So, if like me, you have an 11″ upper arm measurement, theoretically, you can choose any of the first three bust sizes, because both the 13 ¼ and 14″ upper sleeve measurements fall within the suggested ease of 2-3″. For me, of those three sizes, only two fall within the range of 2-8″ of ease at the bust, however, since I have a 33″ bust. The 36 ½ size would give me 3 ½” of ease, so at the high end of the standard range, and the 39 ¼ will give me 6 ¼” of ease – the middle of the over-sized range. When choosing between these two sizes you want to think about both your arms and your body. If you intend to wear the sweater as a coat or “serious” layering piece, go with the larger size, as I did. If you want to have a sleeker fit, go with the smaller one. If you can’t get the precise fit you want, go with the measurement that works best for your sleeves – that will matter more with this particular garment.
The final consideration is length – both for the sleeves and for the body. I worked extra-long sleeves for the sample. I envision myself wearing this on days when my husband refuses to turn on the heat, and I want to wrap up with only my fingertips showing and a warm cup of cocoa in my hands. These sleeves are super long – second knuckle. And that is simply not going to work for everyone. I knew it when I designed the sweater, so I included standard length sleeves as well. Read the entire pattern and the schematic (and schematic notes!) to make your decision, but as a rule of thumb, if you are petite, have short arms, or can’t be bothered to push your sleeves back, make the standard length sleeves. This is going to be just about everybody, so think about it and make a good, informed decision, despite how the sample looks on me. By the same token, think about the body length before you start. Fewer people will need to shorten the sweater, but if you are petite or vertically challenged, consider it. I am no giant – 5’5″ – but I have a tall soul. People always think I’m taller than I am and I wear heeled boots most of the time to back up this fallacy. If you don’t, keep that in mind. My instructions for shortening are more akin to general “guidance,” (because really, how many patterns can I afford to write you for $7?), but if you read through the sleeve section, you will understand what to do.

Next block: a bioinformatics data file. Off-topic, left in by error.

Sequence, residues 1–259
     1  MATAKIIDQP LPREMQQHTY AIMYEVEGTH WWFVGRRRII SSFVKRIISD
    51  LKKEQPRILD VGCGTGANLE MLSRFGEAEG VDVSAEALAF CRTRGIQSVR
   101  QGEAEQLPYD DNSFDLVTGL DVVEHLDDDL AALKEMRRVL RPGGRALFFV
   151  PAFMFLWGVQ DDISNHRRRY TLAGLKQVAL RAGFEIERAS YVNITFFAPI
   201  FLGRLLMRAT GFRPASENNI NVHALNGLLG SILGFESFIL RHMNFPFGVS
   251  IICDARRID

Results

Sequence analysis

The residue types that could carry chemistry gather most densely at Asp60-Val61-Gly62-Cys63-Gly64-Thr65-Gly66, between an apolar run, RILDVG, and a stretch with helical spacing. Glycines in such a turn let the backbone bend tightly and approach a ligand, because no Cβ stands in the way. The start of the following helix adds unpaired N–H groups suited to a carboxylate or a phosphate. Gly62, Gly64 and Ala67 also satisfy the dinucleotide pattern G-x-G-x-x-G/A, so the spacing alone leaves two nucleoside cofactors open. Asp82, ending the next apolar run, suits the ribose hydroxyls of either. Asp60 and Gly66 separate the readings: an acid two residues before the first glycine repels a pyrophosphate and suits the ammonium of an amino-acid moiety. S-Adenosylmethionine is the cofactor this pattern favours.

Remember these are the keys to fitting this sweater. My tips on bust and upper arm should hold for all sweaters, but for different sweater constructions other measurements may matter more. In particular, for sweaters with set-in sleeves, you will want to rely very heavily on your crossback measurement. But that is a topic for a different post. This post will get you going on the sweater at hand.
Curious for other details? There are more photos and information on The Great Missowski on its very own page right here on my website, and on the coordinating slouchy hat that will be released at the same time. I will be back very soon with some advice on picking color combinations, too.